By James Davey
LONDON (Reuters) - Retailers across Europe chased shoppers on "Black Friday" in a test of consumer demand, particularly in Britain, where the spending spree imported from the U.S. looked set to outdo last year.
After last month suffering their biggest decline in sales volumes for four-and-a-half years, British retailers are pinning their hopes on discounts to get shoppers squeezed by inflation and subdued wage growth spending again.
In Britain, the annual promotional event, traditionally focused on electrical goods, has been mainly played out online since 2014, when in-store sales were marred by scuffles.
The jury remains out on whether retailers make money by cutting prices in an event that was imported to Britain from the United States by online retailer Amazon in 2010.
By 3 p.m., Barclaycard, which processes nearly half of UK debit and credit card transactions, had seen an 8 percent increase in spending compared to last year, and a 32 percent increase in transactions.
"Consumers may be opting to buy more goods at a lower price rather than investing in a handful of higher-value items," said Barclaycard's Paulette Rowe.
Department store John Lewis [JLP.UL] said its busiest shopping hour had been 9-10 a.m., with an average 705 items ordered per minute.
"It will be our busiest trading day of the year," John Rogers, chief executive of electricals-to-toys retailer Argos, owned by Britain's second biggest retailer Sainsbury's, told Reuters.
The research firm GlobalData forecasts that UK spending in the period Nov. 20 to 27 - will be up 3.8 percent from last year at 10.1 billion pounds.
PROFITABLE OR DAMAGING?
Black Friday's advocates say carefully planned promotions with global suppliers boost sales while still maintaining margins.
Critics say the discounts drag forward sales that retailers would otherwise have made at full price at Christmas, and can dampen business in subsequent weeks.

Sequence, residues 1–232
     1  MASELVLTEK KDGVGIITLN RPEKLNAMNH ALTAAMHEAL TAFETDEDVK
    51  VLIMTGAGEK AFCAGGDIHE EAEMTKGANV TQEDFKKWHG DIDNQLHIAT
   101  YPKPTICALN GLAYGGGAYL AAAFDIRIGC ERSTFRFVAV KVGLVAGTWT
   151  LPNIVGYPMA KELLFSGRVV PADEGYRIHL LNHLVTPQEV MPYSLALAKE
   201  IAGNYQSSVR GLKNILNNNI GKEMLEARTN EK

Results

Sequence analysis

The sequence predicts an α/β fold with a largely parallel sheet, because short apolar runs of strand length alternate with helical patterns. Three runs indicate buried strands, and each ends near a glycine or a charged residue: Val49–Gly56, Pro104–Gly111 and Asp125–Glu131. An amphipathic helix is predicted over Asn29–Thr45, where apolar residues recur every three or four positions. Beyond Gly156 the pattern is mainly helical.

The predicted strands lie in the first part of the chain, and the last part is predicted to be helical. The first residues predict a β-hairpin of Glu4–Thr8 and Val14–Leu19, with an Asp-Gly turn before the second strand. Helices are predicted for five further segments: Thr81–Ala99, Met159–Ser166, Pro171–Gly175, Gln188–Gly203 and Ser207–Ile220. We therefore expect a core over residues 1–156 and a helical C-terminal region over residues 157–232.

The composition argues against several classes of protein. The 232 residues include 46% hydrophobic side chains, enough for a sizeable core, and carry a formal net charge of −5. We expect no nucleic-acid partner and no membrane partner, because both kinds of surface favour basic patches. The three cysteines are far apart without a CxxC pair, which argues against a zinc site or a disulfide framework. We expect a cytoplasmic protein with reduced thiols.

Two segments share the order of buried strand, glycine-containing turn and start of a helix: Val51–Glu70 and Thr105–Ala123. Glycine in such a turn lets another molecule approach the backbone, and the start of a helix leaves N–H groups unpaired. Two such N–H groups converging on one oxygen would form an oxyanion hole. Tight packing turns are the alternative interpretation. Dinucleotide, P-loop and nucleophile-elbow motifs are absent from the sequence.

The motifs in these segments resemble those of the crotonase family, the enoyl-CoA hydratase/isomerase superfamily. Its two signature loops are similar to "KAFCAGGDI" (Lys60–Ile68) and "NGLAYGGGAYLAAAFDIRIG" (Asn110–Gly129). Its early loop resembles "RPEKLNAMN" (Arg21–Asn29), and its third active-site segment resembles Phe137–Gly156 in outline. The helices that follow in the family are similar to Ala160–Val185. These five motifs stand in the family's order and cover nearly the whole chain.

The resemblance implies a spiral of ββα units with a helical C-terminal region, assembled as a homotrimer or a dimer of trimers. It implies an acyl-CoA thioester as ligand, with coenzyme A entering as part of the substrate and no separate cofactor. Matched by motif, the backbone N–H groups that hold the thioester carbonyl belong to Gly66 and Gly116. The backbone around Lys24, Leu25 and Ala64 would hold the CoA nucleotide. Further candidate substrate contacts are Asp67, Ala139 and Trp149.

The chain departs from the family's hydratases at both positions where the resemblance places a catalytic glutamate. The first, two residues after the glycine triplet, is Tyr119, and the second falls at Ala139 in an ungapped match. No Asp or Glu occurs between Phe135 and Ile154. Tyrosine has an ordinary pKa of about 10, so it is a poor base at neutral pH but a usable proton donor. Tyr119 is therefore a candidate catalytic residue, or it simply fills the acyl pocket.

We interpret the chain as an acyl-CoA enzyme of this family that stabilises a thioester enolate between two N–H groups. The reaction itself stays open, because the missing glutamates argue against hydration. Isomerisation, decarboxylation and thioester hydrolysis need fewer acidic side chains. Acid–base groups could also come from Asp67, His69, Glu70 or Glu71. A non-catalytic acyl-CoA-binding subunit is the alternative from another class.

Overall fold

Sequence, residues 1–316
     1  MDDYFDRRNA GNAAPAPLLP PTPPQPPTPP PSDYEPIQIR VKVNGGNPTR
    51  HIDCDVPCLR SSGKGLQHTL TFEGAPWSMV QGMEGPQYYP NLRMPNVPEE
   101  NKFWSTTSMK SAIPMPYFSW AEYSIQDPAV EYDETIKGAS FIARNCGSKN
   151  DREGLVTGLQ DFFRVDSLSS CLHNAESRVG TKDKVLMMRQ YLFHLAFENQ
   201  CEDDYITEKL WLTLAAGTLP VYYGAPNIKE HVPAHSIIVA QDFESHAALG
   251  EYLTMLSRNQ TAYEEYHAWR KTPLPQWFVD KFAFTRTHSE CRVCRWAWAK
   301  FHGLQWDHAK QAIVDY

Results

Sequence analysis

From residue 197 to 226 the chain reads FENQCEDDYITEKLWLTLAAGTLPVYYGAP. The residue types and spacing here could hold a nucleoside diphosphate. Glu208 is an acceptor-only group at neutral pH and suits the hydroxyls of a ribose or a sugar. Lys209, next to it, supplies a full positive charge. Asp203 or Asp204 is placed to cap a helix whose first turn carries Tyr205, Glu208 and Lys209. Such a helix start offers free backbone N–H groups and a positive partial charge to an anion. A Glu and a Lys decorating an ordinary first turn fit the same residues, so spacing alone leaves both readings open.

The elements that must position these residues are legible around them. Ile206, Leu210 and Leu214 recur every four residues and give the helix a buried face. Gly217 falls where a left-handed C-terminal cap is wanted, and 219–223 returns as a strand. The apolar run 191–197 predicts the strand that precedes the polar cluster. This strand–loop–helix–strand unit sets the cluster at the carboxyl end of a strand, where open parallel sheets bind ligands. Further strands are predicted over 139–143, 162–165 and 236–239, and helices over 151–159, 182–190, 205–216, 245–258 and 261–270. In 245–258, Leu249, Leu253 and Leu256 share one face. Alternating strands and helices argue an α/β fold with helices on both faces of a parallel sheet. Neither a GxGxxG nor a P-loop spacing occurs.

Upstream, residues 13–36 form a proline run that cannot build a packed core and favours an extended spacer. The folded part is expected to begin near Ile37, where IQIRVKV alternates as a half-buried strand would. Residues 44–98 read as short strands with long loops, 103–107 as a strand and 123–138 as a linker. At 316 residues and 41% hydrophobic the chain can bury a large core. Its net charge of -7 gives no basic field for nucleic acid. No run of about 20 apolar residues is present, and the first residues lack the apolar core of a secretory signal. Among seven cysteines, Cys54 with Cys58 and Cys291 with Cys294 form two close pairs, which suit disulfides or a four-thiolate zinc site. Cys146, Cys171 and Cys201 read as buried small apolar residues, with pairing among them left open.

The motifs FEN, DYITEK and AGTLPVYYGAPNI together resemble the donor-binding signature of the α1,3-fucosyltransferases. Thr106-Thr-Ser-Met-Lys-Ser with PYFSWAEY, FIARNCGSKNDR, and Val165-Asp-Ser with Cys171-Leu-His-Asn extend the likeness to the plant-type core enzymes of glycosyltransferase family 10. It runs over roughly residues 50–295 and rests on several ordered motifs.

Seb James, CEO of Dixons Carphone, told BBC radio that his company gained market share from Black Friday.
As last year, retailers including Britain's biggest, Tesco, and Amazon are stretching their promotions over up to two weeks, hoping to smooth out demand and reduce pressure on supply and distribution networks.
Clothing retailer Next joined Black Friday for the first time with price cuts of up to 70 percent. A spokesman for the firm said it was an experiment to see what effect offering discounts on the previous season's stock, normally sold in the Boxing Day sale, would have on full-price sales.
"Categorically we have not got a stock problem," said the spokesman. Shares in Next fell up to 1.7 percent.
Black Friday, the day after the U.S. Thanksgiving holiday, was so named because spending would surge and often push retailers into the black for the year.
Its impact is also being felt across Europe.
In Germany, sales promotions on Black Friday and Cyber Monday (Nov. 27) are expected to add around 1.7 billion euros (£1.5 billion) to retailers' revenues, roughly on a par with 2016, a survey by trade body HDE found.
About 8 million French consumers are expected to shop from Friday to Monday, yielding expected revenue of 945 million euros, according to a study by Kantar TNS for the U.S e-commerce firm eBay.
In Denmark, supermarket chains Bilka and Fotex said their websites had been taken down by cyber attacks at the launch of their Black Friday campaigns.
The sales promotion has also been growing in Italy, where all major retail chains were advertising discounts. The department store La Rinascente was opening until midnight on Friday and advertising discounts of up to 50 percent.
But Black Friday has had a slow pick-up amongst Spaniards, who traditionally exchange presents on Epiphany (Jan. 6). Just 22 percent intended to make a purchase on Black Friday or Cyber Monday, according to a survey by Metroscopia for the newspaper El Pais.
It was more subdued in Greece, where the economy contracted by more than a quarter between 2008 and 2016. "People don’t have money to spend," said 32-year-old Athens shopper George Christopoulos.
(Additional reporting by Maria Sheahan in Frankfurt, Matthias Blamont in Paris, Valentina Za in Milan, Sonya Dowsett in Madrid, Lefteris Papadimas in Athens and Jacob Gronholt-Pedersen in Copenhagen; editing by Alexander Smith and Kevin Liffey)